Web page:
But there is doubtless a reference to Christ, who is often called David. Some of the words originally addressed to David, are expressly declared to refer to Christ chiefly, yea exclusively. They must be understood therefore as containing God's covenant with Christ.

a 2 Sam. vii. 12-17.

bEzek. xxxiv. 23, 24. Hos. iii. 5. 0 Compare 2 Sam. vii. 14. with Heb. i. 5.

In them we see, first, God's assurances respecting Christ himself, that notwithstanding all the troubles he should experience, he should be raised from the dead," and have all the kingdoms of the earth for his possession.

Next, Christ is assured respecting his people, who are his seed, that though through infirmity and temptation they may fall into sin, the Father will not utterly abandon them, or finally withdraw his love from them. He will not indeed leave them to continue in sin (for that would be incompatible with their salvation) but he will chastise them; till they repent and turn from all their transgressions: and thus will he secure them to Christ as his inheritance.i

The grounds of these assurances are, lastly, specified. These are God's covenant, and his oath. Having entered into covenant with his Son, he cannot disannul it. Yet, if he were to give up final destruction any who were Christ's spiritual seed, this covenant would be broken; seeing that some who were given to Christ would perish, and Christ, as far as relates to them, would have died in vain. Moreover, in this, the oath, which (for our consolation) he sware to his Son, would be violated: but, having sworn by his holiness, which is the glory of all his perfections, he never can, nor ever will recede. On these grounds therefore the glory of Christ, and the salvation of his people are irrevocably secured.]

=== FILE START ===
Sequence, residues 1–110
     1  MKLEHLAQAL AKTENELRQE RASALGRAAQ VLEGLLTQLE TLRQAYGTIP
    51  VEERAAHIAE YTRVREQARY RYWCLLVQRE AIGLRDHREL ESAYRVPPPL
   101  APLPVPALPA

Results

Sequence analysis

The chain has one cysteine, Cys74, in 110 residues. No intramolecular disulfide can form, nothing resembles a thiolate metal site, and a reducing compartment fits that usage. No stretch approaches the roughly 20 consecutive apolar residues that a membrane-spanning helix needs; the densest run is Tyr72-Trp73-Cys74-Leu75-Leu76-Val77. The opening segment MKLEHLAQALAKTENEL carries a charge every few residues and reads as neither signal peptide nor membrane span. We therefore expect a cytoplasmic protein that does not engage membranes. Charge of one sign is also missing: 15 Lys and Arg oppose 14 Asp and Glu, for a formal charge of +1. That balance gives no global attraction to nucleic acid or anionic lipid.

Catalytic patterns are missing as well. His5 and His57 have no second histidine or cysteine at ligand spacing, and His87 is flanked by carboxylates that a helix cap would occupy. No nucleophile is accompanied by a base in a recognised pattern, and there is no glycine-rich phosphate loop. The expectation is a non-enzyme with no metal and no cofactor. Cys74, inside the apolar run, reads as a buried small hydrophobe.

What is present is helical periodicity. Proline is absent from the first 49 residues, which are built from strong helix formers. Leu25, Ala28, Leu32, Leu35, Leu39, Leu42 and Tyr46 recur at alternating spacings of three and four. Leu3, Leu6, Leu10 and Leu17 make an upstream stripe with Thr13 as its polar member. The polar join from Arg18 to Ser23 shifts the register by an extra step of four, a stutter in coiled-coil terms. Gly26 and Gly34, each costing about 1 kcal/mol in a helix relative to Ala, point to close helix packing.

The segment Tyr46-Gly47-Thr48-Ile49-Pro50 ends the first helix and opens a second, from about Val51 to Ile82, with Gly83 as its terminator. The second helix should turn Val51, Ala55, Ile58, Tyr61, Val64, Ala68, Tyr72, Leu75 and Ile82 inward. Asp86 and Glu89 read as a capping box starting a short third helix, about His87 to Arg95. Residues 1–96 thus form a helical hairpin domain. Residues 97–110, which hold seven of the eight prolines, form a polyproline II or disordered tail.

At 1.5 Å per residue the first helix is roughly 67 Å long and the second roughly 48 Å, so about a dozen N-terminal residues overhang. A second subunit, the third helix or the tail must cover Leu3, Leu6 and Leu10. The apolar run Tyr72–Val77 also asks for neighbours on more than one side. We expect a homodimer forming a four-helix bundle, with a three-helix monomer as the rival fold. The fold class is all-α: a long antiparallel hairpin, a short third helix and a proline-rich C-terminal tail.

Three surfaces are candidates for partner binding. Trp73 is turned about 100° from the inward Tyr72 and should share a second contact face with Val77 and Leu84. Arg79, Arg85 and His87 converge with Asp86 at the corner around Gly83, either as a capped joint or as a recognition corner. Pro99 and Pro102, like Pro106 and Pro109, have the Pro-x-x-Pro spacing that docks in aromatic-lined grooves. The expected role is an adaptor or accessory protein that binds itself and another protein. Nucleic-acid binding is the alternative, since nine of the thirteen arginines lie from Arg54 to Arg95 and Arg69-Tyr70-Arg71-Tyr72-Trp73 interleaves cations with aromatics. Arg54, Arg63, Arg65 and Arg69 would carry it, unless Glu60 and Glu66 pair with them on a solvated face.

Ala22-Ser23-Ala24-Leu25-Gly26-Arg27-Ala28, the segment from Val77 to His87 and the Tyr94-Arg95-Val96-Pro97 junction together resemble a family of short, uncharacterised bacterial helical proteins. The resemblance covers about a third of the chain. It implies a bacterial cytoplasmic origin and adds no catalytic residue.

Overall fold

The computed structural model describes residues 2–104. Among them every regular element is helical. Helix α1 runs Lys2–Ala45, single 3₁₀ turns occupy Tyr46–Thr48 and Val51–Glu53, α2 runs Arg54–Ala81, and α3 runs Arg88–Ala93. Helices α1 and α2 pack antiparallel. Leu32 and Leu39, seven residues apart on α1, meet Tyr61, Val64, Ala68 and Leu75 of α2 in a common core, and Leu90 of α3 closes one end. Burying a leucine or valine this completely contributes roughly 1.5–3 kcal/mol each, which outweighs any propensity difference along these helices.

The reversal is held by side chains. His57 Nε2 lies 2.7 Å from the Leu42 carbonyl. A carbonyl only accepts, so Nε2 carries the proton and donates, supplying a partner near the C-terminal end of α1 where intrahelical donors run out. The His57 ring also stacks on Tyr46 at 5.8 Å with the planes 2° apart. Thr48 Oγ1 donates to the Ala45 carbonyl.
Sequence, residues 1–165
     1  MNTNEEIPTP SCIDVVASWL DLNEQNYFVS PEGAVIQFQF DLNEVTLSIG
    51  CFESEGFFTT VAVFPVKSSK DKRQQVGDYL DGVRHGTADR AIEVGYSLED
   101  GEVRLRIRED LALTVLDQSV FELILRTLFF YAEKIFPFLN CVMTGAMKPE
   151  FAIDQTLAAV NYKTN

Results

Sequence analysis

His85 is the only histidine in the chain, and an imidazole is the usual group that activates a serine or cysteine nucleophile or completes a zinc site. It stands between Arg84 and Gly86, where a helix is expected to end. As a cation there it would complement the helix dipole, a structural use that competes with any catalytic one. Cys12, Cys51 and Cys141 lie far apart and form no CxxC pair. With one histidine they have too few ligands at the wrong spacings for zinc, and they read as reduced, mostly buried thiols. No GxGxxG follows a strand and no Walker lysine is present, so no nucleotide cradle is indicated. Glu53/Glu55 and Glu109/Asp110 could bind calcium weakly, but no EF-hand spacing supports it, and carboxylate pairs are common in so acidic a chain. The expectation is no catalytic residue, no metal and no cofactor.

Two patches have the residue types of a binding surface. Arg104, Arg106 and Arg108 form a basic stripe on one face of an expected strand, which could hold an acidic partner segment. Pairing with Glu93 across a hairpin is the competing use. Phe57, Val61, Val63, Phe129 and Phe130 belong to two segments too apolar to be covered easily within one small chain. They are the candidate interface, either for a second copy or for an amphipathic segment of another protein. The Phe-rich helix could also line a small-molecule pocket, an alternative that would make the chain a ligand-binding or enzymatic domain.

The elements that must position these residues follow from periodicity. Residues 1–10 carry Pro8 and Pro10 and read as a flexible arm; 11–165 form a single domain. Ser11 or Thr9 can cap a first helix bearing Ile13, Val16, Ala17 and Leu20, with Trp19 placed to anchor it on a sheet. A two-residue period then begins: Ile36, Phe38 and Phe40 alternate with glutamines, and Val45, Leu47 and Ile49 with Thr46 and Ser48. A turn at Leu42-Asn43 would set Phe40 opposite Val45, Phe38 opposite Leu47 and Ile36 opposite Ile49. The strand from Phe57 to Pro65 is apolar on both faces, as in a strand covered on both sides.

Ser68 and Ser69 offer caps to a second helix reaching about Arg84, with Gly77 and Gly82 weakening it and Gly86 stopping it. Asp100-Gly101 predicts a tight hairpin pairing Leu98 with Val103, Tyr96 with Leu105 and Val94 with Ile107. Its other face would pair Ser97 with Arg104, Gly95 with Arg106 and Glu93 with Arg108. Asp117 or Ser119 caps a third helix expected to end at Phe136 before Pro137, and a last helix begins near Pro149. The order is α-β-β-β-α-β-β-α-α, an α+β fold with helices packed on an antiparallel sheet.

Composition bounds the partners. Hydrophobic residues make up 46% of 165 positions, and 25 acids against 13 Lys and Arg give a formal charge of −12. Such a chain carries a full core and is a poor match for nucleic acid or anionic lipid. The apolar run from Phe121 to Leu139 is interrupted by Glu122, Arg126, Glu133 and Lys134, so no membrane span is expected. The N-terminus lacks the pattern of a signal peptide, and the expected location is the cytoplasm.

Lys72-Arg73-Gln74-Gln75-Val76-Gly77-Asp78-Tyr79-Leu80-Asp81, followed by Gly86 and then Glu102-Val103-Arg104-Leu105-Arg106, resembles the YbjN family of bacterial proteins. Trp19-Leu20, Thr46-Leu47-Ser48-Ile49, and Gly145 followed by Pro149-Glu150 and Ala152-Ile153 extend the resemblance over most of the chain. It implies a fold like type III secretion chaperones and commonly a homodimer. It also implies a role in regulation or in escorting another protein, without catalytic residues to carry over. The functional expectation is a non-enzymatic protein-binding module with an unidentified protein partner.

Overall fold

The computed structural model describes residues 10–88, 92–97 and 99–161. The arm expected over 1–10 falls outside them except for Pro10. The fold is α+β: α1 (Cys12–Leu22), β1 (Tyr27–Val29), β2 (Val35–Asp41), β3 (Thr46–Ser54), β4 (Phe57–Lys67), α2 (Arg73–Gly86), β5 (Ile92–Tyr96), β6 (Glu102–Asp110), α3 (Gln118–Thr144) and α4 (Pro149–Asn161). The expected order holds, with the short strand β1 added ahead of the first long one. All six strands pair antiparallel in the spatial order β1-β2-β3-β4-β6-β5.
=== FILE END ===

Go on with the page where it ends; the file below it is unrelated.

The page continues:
Lest however this consolatory passage should be abused, let us

IL. Improve it

It evidently teaches us

1. To cleave unto Christ with full purpose of heart [The covenant, whether made with David or with Abraham, was confirmed before of God in Christ. Every blessing of the covenant was made over to him as our head and representative, and must be received from him by faith.' To him therefore must we look for pardon, stability, and everlasting salvation. As to him the promises were made," so in him alone are they yea, and Amen." Let it then be our great care to be found in him; and then we may nest assured that nothing shall ever separate us from him.P]

d Compare Isai. Iv. 3. with Acts xiii. 34.

• Luke i. 32, 33. Rev. xi. 15.

f Isai. liii. 10. Ps. xxii. 30. 1 Pet. i. 23.

Isai. liv. 7-10. Jer. xxxii. 40.

i John xvii. 11. 1 Pet. i. 5—7.

1 Col. i. 19. John i. 16. ■ 2 Cor. i. 20.

• Phil. iii. 9.

b Heb. xii. 14.

k Gal iii. 17.
Gal. iii. 16.
P Rom. viii. 38, 39.

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2. To endure with patience and thankfulness whatever afflictions God may lay upon us


[Part of God's covenant is, to correct us in measure." And, however afflicted any may be, have they any cause to say, that they are corrected beyond measure? Can a living man complain, a man for the punishment of his sins?r Surely it is far better to be chastened here, than to be condemned with the world hereafter. We may all see reason enough for chastisement, if we will but mark our daily and hourly transgressions. Let us therefore not so much as desire God to spare us, provided he see that we need correction for the welfare of our souls; but rather let us kiss the rod, and improve it," and adore the hand that uses it for our good.*]

3. To dread sin as the greatest of all evils